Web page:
Adding Realm database to Android project

In project level build.gradle

buildscript {
   repositories {
       jcenter()
   }
   dependencies {
       classpath 'com.android.tools.build:gradle:2.3.3'
       classpath "io.realm:realm-gradle-plugin:3.3.1"

       // NOTE: Do not place your application dependencies here; they belong
       // in the individual module build.gradle files
   }
}

 

And at the top of app/build.gradle “apply plugin: ‘realm-android'”  is added.

Using Realm Database

Let’s start with a simple example. We have a Student class that has only two attributes name and age. To create the model for the database, the Student class is simply extended to RealmObject.

public class Student extends RealmObject {

   private String name;
   private int age;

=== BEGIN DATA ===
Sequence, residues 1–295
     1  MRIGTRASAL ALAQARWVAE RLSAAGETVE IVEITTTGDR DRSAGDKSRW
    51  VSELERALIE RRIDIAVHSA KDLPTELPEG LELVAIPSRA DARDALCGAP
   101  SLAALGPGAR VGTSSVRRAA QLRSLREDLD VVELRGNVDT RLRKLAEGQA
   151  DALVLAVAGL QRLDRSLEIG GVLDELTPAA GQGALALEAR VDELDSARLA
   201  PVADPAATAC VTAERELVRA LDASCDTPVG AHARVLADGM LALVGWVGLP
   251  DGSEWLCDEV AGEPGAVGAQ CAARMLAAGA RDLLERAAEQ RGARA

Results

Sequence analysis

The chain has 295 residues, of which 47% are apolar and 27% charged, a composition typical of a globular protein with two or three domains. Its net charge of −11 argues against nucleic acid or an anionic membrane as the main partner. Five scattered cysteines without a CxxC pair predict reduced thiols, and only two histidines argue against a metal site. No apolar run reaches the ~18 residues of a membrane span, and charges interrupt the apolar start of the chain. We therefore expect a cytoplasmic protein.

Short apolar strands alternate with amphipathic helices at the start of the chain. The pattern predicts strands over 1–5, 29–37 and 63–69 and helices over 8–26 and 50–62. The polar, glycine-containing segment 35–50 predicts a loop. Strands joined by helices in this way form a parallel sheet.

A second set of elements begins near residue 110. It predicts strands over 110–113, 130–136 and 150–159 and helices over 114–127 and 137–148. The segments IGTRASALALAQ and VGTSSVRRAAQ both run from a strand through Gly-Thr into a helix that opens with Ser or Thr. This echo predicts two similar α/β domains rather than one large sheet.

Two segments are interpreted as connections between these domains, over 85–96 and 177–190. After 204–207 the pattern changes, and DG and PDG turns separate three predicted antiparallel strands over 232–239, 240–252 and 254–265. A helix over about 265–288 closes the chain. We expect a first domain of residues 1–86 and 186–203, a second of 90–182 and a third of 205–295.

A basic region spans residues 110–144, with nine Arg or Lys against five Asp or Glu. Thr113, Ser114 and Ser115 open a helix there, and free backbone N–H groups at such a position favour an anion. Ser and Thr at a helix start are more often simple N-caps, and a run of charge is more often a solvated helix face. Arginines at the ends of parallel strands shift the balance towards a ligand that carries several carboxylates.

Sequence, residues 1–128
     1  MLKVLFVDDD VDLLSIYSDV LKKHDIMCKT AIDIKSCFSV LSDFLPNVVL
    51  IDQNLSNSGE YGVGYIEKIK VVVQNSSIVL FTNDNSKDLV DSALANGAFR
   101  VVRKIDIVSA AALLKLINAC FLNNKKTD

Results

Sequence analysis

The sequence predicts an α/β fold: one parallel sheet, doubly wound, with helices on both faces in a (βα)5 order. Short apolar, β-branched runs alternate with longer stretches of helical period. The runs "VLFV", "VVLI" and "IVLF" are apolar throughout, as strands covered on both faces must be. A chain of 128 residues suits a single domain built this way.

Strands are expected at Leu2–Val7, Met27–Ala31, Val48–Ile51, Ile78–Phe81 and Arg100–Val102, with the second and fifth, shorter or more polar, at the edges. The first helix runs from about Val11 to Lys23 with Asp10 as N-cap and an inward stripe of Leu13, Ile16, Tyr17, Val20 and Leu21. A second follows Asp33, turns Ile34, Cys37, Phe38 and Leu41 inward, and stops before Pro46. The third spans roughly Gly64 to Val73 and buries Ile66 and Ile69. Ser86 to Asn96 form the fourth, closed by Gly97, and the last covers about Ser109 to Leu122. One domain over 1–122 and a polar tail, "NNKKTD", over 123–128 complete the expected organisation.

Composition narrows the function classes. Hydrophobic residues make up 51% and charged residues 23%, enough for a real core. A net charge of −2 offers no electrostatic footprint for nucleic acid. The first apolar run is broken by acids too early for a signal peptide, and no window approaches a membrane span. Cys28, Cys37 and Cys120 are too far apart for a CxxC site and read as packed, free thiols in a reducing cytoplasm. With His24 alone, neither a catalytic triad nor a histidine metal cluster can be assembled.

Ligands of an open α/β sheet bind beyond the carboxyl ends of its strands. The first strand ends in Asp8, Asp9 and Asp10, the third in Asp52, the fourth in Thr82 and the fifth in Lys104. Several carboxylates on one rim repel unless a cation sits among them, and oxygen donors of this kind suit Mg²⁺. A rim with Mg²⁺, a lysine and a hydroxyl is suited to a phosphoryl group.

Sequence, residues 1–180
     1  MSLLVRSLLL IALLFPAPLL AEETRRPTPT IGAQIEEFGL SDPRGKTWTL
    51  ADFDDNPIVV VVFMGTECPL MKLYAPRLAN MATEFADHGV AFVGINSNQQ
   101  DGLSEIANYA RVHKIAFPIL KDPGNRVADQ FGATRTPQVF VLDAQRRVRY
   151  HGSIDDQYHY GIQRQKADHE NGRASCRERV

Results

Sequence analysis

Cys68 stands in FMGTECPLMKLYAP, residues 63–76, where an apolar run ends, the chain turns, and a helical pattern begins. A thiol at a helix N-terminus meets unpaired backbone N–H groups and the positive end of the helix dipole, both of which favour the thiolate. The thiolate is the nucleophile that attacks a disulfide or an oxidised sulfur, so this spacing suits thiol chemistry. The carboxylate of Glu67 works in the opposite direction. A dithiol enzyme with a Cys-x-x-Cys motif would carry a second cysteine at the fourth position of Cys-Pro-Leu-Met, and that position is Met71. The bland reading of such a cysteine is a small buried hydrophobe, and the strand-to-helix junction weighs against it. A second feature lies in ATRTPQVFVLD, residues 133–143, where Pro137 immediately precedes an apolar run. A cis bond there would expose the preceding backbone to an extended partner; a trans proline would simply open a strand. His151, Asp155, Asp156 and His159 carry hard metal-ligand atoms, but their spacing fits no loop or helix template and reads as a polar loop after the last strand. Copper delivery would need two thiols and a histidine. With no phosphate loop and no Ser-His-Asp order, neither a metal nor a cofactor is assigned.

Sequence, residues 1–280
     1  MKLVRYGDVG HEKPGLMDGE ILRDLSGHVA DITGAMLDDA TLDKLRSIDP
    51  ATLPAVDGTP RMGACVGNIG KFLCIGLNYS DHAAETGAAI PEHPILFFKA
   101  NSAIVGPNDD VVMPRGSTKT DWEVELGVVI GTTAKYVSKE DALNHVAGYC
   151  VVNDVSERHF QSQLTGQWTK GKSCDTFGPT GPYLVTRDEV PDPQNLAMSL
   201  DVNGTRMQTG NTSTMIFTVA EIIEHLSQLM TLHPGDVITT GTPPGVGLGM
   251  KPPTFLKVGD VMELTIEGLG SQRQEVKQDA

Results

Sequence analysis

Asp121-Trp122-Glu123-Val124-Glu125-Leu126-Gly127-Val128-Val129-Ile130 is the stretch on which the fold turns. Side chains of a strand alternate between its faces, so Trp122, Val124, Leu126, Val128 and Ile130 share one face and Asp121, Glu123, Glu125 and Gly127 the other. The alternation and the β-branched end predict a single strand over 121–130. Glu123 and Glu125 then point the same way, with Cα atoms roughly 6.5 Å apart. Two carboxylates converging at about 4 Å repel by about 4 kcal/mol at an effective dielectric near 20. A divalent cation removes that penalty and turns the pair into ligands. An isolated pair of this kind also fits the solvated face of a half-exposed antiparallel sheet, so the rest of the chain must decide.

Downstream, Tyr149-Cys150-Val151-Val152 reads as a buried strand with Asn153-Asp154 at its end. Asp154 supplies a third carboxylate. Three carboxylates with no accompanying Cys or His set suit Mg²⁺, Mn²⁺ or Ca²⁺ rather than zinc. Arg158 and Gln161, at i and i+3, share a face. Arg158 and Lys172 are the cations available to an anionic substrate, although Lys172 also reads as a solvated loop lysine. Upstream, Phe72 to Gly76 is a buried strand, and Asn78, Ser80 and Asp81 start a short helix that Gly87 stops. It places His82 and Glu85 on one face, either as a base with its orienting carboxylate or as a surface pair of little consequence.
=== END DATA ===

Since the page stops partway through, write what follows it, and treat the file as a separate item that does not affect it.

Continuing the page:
// A constructor needs to be explicitly defined, be it an empty constructor
   public Student(String name, int age) {
       this.name = name;
       this.age = age;
   }

   // getters and setters
}

 

To push data to the database, Java objects are created, a transaction is initialized, then copyToRealm method is used to push the data and finally the transaction is committed. But before all this, the database is initialized and a Realm instance is obtained.

Realm.init(context); // Database initialized
Realm realm = Realm.getDefaultInstance(); // realm instance obtained
      
Student student = new Student("Rahul Dravid", 22); // Simple java object created
realm.beginTransaction() // initialization of transaction
realm.copyToRealm(student); // pushed to database
realm.commitTransaction(); // transaction committed